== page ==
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Evidence Matters | Teacher Retention: It takes a Village

Last updated April 9, 2024

By Kelly Gregory

April 9, 2024

As we discussed in our previous two posts, collective teacher efficacy—or the belief among teachers in a school that they can positively influence student outcomes—is an important tool when it comes to both student success and teacher retention. And while there are several ways that schools and their leaders can create conditions that are ripe for the development of self- and collective efficacy among teachers, there also are ways that communities can help lay the groundwork for teachers who feel fully supported in and effective at their jobs and thus will want to stay.

In Fairfiled County, a small, rural community in South Carolina, retaining high-quality teachers has proven challenging, but there is currently an innovative effort underway to create more inviting and supportive conditions for teachers in this area of the state. The initiative involves the development of a 30-home community of affordable houses, which will be rented to teachers below market rate. According to Fairfield County Superintendent J. R. Green, the district is hoping to improve the overall well-being of teachers in order to increase both performance and retention. A clubhouse, which will hopefully be added to the plans for the community, would serve as a hub “to encourage teacher mentoring, planning, research, and physical fitness.”  And it is the collaborative planning and research components of this goal that may prove to be of the keys to building collective teacher efficacy.

In other parts of the country, similar initiatives have seen success or are gaining traction. For instance, in San Francisco, one of the country’s most expensive cities, the city and county have gotten behind a $105 million dollar project that will provide 134 low-cost apartments for teachers. While many teachers are priced out of living in certain communities like San Francisco, the ability to live in a “teacher village” not only enables teachers to live affordably in an area where they work—thereby saving on housing and commuting costs and effectively increasing their disposable income—but also to connect and interact with the families in their school’s community, further strengthening ties between teachers, students, and families. And this relationship is symbiotic; while cities may front some of the costs of such developments, more teachers living in the communities where they teach means that those teachers are also spending money there outside of school hours.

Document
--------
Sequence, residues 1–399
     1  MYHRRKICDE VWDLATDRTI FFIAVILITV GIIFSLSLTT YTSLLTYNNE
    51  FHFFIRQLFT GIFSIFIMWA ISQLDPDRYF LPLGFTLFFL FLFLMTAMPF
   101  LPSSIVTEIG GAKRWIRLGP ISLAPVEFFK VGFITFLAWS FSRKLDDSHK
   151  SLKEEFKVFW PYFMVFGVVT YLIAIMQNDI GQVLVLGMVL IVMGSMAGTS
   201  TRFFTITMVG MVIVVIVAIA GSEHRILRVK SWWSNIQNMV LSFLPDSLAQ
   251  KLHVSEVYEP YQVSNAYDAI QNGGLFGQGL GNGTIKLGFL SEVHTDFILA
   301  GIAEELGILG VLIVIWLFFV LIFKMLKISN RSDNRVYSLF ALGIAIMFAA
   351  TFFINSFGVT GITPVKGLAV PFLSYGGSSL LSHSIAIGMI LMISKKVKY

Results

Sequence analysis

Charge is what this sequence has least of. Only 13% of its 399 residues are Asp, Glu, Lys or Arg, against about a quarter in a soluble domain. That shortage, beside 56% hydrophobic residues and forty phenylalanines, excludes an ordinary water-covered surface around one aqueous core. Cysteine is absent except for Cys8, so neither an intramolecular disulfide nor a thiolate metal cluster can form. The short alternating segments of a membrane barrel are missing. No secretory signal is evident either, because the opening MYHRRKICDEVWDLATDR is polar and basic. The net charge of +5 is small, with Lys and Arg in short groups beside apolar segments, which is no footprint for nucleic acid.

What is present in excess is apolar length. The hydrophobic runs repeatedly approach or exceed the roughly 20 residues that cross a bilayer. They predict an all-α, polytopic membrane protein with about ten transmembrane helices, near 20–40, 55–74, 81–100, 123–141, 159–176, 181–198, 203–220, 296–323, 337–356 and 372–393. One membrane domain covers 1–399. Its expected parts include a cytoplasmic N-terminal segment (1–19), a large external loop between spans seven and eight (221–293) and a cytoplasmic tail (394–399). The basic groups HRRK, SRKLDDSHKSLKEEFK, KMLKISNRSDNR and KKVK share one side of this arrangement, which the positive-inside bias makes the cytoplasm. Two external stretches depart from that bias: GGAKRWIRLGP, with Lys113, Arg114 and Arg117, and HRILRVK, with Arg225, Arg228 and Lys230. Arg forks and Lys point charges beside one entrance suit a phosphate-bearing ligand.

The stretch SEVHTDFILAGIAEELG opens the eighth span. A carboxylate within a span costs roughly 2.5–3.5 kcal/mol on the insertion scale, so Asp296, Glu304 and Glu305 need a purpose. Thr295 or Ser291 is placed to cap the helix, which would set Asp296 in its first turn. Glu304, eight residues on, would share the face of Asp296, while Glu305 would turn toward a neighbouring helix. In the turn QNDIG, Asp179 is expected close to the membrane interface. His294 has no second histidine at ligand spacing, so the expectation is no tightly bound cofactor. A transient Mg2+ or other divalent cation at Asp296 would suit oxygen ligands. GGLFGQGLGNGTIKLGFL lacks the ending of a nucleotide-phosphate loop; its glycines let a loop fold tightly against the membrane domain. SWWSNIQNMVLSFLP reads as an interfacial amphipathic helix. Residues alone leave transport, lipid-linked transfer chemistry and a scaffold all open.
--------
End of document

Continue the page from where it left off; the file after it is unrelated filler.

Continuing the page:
In other words, while the concept is still new and being piloted, it seems that these teacher housing developments could address teacher retention from multiple angles: effectively increasing pay, embedding teachers in the wider community to build mutual respect and bonds of trust, and, not least of all, fostering greater collaboration and support among teachers, which could boost collective efficacy.

But not every community has the ability to offer an affordable housing development dedicated to its teachers. Each school’s community can certainly look for other ways to offer support. Policymakers can also look to other ways to support collaboration among teachers. For example, teachers’ schedules are typically full, so it is imperative that dedicated time for collaboration be carved out at appropriate in order to allow teachers the opportunity learn from and with their colleagues in meaningful ways. To accomplish this, some districts have built shorter school days or additional professional learning days into their academic calendars, while others have added additional staff members to enable classroom teachers the necessary release time to collaborate with their peers. Emerging evidence suggests that there may be a correlation between increased collaboration and planning time for teachers and improved student outcomes, but additional research is needed in order to examine the effects more closely.  Whether it occurs within a teacher village or inside of a school’s walls, time for collaboration enables teachers to gain essential skills and knowledge from one another, and, ultimately, it may benefit students—and districts—in the long run.  As educational consultant Robert John Meehan reminds us, “the most powerful resource that all teachers have is each other.”

Kelly Gregory is the Riley Institute’s Director for Public Education Projects and Partnerships and previously taught for 11 years in South Carolina public schools. She holds a bachelor’s degree in Psychology and a master’s degree in Special Education. She also holds a National Board certification as an Exceptional Needs Specialist. She can be reached at